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Munster land prices are on the up.

Munster land prices on the up

A  new report on the land market shows that land prices increased in 2013 and activity levels are up 5% in the first quarter of 2014.
The land report, which was compiled by the Society of Chartered Surveyors Ireland (SCSI) and Teagasc, the Irish Agriculture and Food Authority, shows that prices for agricultural land up to 50 acres increased nationally in 2013.
According to the report, the average national price for land up to 50 acres with entitlements and a residential holding per acre is approximately €10,722. In Dublin, it is €13,000; in Leinster, it is €11,132; in Munster, €11,378 and in Connacht/Ulster €7,375.
The largest increase in land prices was seen in the Munster area, where the average selling price in 2013 increased by 14.3% for land up to 50 acres with a residential holding. In Leinster, prices increased by 13.9% and in Connacht/Ulster they increased by 2%, compared to the previous year.
In contrast to the smaller land transactions (up to 50 acres), price movements were negative in 2013 in the case of larger (over 100 acres) sales with entitlements and without a residential holding. The largest percentage drop occurred in the Connaught/Ulster region, where land prices declined by approximately 13% year on year.
Minister of State at the Department of Agriculture, Food and the Marine, Tom Hayes, welcomed the publication of the SCSI / Teagasc Land Market Report and pointed out that “Food Harvest 2020 sets out ambitious targets for agriculture in Ireland and many producers’ expansion plans will no doubt include decisions about the purchase or rental of land and it is therefore timely that this report has been published”.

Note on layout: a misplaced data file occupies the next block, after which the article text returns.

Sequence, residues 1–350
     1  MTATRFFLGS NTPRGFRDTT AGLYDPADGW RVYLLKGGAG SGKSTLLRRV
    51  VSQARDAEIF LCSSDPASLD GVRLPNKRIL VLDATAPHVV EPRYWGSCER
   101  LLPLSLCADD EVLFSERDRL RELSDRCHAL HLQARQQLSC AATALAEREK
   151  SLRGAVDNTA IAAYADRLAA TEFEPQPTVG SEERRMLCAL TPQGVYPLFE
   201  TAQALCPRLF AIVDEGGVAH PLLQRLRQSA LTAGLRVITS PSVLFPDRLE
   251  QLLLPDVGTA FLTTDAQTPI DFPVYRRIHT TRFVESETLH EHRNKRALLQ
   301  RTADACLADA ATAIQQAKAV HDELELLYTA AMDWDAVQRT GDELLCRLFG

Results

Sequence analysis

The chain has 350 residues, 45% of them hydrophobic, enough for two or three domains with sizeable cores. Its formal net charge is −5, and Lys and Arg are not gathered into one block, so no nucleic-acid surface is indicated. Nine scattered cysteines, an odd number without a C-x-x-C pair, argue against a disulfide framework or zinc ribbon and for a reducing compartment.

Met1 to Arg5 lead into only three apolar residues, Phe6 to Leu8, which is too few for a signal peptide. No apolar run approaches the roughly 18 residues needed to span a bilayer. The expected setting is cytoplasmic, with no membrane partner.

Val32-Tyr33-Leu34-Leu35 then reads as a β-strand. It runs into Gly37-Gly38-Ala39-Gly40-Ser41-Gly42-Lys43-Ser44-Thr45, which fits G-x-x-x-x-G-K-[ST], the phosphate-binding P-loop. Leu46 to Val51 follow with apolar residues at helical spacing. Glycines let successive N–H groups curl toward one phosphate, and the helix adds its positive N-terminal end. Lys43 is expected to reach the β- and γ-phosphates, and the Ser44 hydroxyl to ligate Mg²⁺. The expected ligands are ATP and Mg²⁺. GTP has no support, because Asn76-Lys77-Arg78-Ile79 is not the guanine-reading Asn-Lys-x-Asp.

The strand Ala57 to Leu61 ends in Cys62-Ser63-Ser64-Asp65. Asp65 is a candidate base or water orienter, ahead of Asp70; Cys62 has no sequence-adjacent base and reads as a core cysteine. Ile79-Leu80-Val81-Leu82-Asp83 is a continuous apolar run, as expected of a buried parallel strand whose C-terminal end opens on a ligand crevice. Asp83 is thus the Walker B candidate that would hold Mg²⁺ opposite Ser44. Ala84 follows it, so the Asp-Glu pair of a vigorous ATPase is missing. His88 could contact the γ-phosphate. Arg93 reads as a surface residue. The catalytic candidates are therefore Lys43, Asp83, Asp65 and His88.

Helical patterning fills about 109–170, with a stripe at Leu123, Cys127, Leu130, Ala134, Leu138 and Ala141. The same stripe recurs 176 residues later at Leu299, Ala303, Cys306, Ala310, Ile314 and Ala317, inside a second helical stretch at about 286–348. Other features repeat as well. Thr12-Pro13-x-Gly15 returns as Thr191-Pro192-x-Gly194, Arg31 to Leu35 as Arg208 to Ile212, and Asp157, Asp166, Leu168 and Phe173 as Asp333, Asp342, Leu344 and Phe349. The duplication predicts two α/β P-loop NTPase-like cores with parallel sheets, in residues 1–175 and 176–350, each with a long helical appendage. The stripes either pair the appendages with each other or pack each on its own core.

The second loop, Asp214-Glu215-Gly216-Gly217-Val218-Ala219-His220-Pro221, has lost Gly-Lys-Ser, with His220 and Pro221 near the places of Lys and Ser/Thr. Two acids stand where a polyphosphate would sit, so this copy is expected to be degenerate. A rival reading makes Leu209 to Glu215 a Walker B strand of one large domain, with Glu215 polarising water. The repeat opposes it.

Professor Gerry Boyle, director of Teagasc said, “Good information on land sale and rental price developments is vital for farm business planning and in this context the report is to be particularly welcomed. Due to milk quota removal dairy farmers, in particular, will have an interest in this publication”.
The report notes that lower feed and fertiliser prices, together with a reduction in the volumes of these inputs, mean that overall costs of production are expected to decline in 2014. While it was expected that beef prices would improve in 2014, market movements in the first quarter of the year now make this prospect less likely. Nevertheless, with lower costs of production on most farm types, farm incomes in 2014 are forecast to increase by 13% on average.
Trevor McCarthy, Chairman of the Society of Chartered Surveyors Ireland (SCSI) Rural Professional Group said in order to meet the increased output targets of 50% in Food Harvest 2020, “new dairy farms will need to be established. Clearly this has implications for the land market and it is imperative that the supply issue is addressed. According to the report, the volume of land which came to market increased by just over 4% on the previous year. The current level of land transfer for sale is, however, minimal with just 0.5% of all land transacted annually. This lack of supply is becoming an issue, particularly in the context of Food Harvest 2020 and we hope that measures to improve land mobility are considered by Government”.
Mr McCarthy also pointed to the challenge for farmers in accessing finance. “The majority of purchasers of agricultural land are farmers and their ability to access finance remains constrained and highly sensitive to wider economic factors. This means their purchasing power can often be impacted by fluctuations in commodity prices,” he concluded.

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